The problem of who controls the media and whether or not it matters has been publicly debated on shows such as ‘The Hamster Wheel’ Where the chaser ridicule the content of newspapers and news stations prompting viewers to question what is news? and what makes it news worthy?

Who controls the media is an important question to ask when looking at world events. How they’re reported is often as important as what they’re reporting. The viewing public can be positioned to view an event from a different angle depending on how they’re reported and what the main focus of the article is.

This was highlighted in Australia during the last election when many people and indeed some businesses decided to boy-cot some major Australian Newspapers as they decided the corporations and/or the people behind the corporations were influencing the news reports to induce a bias toward/against a particular political party. This was achieved through the way in which articles were presented or edited in order for them to be eligible for publication within these particular ‘News’ sources. This open ridicule of the News sources led people to question the impartiality of those (Murdoch’s in particular) media outlets, and to ask who was gaining from these points of view that were being expressed. The outcome of this questioning was that it was made fairly public through other media outlets that Murdoch would gain if a particular party was to be elected in the (at the time) upcoming election. 

Whether or not this had an impact on the out come of the election is no clear, and probably never will be, however the idea that a “news” corporation could willingly try to sway people to a particular bias is slightly disturbing, which is why I believe it does matter who controls the media. If all media is controlled by only one person or group, then only one person or group can have a say on a public platform. This opens all media up to corruption. Stories that should be made public may not be because they go against the interests of the controlling parties.

Here’s a hypothetical for you…

If you owned the media… all of it… and you also had shares in say a mining company… Would you let someone publish a story in your news publication that would be publicly damning to your other investments? A story that while it would save lives, and make people aware of a dire threat to public health could potentially cost you billions of dollars and negatively impact your personal reputation? Or would you publish a fluff piece to distract people and give them something else to think about other than why people started getting sick in a particular area… I mean.. “The Duke and Duchess of Cambridge are visiting!!”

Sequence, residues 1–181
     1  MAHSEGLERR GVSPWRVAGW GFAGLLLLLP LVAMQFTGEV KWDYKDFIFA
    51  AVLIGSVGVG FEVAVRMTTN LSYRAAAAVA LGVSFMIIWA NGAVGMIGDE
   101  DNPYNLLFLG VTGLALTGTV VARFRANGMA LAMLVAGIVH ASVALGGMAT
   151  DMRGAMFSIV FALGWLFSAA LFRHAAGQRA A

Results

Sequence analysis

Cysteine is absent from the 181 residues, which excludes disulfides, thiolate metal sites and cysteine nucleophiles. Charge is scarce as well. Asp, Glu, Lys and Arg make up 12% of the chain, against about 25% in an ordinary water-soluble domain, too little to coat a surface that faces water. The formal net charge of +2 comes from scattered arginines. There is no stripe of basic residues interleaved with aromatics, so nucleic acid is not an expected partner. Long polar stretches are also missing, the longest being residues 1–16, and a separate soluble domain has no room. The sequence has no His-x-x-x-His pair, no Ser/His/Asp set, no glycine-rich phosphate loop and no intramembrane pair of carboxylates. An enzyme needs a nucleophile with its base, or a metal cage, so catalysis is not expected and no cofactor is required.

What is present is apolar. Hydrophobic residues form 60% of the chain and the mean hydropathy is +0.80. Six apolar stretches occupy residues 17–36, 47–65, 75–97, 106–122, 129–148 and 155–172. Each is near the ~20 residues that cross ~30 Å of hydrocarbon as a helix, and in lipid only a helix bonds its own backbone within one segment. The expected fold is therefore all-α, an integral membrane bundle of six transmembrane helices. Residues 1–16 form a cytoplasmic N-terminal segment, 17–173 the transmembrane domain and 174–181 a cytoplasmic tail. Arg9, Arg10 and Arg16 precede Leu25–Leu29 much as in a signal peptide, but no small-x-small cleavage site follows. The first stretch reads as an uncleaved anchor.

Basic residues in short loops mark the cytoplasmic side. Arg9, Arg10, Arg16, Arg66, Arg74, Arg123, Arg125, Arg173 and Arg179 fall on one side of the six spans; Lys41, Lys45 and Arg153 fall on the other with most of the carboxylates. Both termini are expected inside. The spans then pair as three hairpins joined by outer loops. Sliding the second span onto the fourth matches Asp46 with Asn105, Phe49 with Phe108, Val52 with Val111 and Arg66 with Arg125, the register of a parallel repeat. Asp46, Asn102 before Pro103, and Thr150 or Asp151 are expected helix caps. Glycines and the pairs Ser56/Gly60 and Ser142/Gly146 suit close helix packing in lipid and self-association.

I may be slightly selfish, but that’s what I’d do! 

Whilst I am willing to admit I would be a terrible person to be left in charge of the media, and that someone else would do a much better job. I am of the opinion that no single person, group or corporation should ever be given a controlling interest in any News corporation… Other media; TV shows, social media, books, and art… Well I don’t think it really matters who controls those… News should be incorruptible… Journalists should be held to a standard of reporting that negates bias and informs more than it dictates. People should be given news that is unbiased and from reputable sources. I believe that who controls the media is important especially when it comes to information given to the general public – especially when that information is given as ‘Fact.’

Well there’s my opinion.. in the words of Walt Disney:  “That’s all Folks!” 

What are the media being blamed for today and is this justified?


The media has a history of being blamed for many things, whether or not this is justifiable is subjective and can only really be seen form an opinionated view point. What may seem to justify something to one person may not justify it to another. This is rather glaringly obvious if one looks at the laws in certain religiously run countries where women can be accused of and imprisoned for ‘extra marital sex’ even if the sex was reported as ‘rape’ to authorities. Justifiable? Here, you’d get a big resounding “NO!!” There… Well it’s the law…

There are many justifications for media being to blame for violence in society; such as violent video games, being associated with an increase in gun violence at high schools in parts of the USA,  and the story about the man who ‘acted out a scene’ from ‘Grand Theft Auto’ (a video game based on drive by shootings, robbery and murder) and other horror stories such as these have become more prevalent over the last decade or so seeming to justify the view that various media outlets have created these homicidal maniacs and therefore need to be stopped.

Similarly, Media such as the ‘News’ has also been accused of ‘scaremongering’ with a tendency for the top news stories being about war and especially the ever elusive ‘War on Terror’ campaigns that have been going on throughout America.